Nevertheless, Wegelin’s admission of guilt represents a victory for the Obama administration in its sweeping crackdown on Americans using offshore banks to evade taxes. It also demonstrates the long arm of the Justice Department, extracting a guilty plea from a foreign company with no business operations in the United States.
The case strikes another blow at Swiss banking secrecy, a shadowy world that United States authorities have penetrated recently after decades of looking the other way. For years, secrecy has been a hallmark — and an attractive selling point — of Switzerland’s private banks, which, alongside chocolate and watchmaking, are one of the country’s best-known businesses.
In 2009, UBS avoided criminal charges by striking a so-called deferred prosecution agreement in which it paid a $780 million fine and turned over the names of about 4,500 clandestine accounts believed to hold the assets of American taxpayers. Around the same time, the Internal Revenue Service initiated an amnesty program that allowed Americans to avoid criminal liability by divulging offshore accounts. The program was a success, yielding more than $2.7 billion in taxes and penalties from about 30,000 taxpayers.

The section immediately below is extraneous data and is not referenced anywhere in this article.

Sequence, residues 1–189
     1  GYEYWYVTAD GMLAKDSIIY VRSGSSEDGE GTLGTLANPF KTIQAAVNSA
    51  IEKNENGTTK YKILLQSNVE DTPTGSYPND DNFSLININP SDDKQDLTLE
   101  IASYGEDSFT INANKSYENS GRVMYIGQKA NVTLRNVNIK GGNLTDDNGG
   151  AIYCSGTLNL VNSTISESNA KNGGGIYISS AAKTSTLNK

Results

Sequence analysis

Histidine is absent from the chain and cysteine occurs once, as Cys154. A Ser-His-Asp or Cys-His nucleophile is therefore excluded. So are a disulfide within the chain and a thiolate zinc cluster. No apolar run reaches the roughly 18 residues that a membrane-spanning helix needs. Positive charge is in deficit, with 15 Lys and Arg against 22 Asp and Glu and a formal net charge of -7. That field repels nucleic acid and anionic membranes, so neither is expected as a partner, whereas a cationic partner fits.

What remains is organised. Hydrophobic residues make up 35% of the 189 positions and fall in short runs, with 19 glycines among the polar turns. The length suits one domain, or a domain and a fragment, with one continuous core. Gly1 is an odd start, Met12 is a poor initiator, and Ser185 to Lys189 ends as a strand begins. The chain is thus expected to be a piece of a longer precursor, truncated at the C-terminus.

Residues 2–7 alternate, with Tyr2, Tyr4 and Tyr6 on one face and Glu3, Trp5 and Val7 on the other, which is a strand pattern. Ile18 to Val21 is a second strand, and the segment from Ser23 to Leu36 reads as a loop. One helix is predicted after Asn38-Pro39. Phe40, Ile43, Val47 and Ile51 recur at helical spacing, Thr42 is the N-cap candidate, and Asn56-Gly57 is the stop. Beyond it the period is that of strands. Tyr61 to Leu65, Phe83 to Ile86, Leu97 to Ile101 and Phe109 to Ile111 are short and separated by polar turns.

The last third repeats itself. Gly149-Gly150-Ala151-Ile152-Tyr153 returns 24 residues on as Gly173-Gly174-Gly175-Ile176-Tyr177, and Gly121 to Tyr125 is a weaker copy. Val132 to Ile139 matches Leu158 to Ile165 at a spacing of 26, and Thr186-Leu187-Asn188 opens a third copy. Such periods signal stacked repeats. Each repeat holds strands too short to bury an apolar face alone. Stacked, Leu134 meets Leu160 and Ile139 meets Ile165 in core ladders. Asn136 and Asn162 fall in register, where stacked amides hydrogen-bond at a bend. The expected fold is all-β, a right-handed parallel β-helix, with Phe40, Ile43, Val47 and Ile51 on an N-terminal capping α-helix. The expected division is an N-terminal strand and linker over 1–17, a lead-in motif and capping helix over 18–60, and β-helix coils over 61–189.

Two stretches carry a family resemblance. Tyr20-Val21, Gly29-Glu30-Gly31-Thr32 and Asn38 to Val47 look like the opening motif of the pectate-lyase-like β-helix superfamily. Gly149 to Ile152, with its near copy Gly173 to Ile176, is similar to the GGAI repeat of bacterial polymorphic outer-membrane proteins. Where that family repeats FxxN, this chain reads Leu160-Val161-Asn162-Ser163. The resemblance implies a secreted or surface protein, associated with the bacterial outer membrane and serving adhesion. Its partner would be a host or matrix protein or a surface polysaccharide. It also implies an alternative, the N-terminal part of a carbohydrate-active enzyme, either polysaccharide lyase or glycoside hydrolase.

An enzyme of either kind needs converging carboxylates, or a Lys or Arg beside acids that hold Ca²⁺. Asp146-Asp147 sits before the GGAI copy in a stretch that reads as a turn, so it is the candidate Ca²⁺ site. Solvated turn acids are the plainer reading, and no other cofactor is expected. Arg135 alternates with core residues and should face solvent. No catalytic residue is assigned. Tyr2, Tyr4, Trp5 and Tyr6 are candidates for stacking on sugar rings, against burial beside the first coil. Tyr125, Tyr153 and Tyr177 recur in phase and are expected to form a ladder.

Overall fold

As part of the push to eliminate tax cheats, a federal grand jury in Manhattan indicted Wegelin last February. The firm’s elaborate scheme involved its Swiss bankers’ opening secret accounts for American clients using code names and setting up sham entities to avoid detection in far-flung locales, including Panama and Liechtenstein.
“There is no excuse for wealthy Americans flouting their responsibilities as citizens of this great country to pay their taxes, and there is no excuse for foreign financial institutions helping them to do so,” said Preet Bharara, the United States attorney in Manhattan. “Today’s guilty plea is a watershed moment in our efforts to hold to account both the individuals and the banks — wherever they may be in the world — who are engaging in unlawful conduct that deprives the U.S. Treasury of billions of dollars of tax revenue.”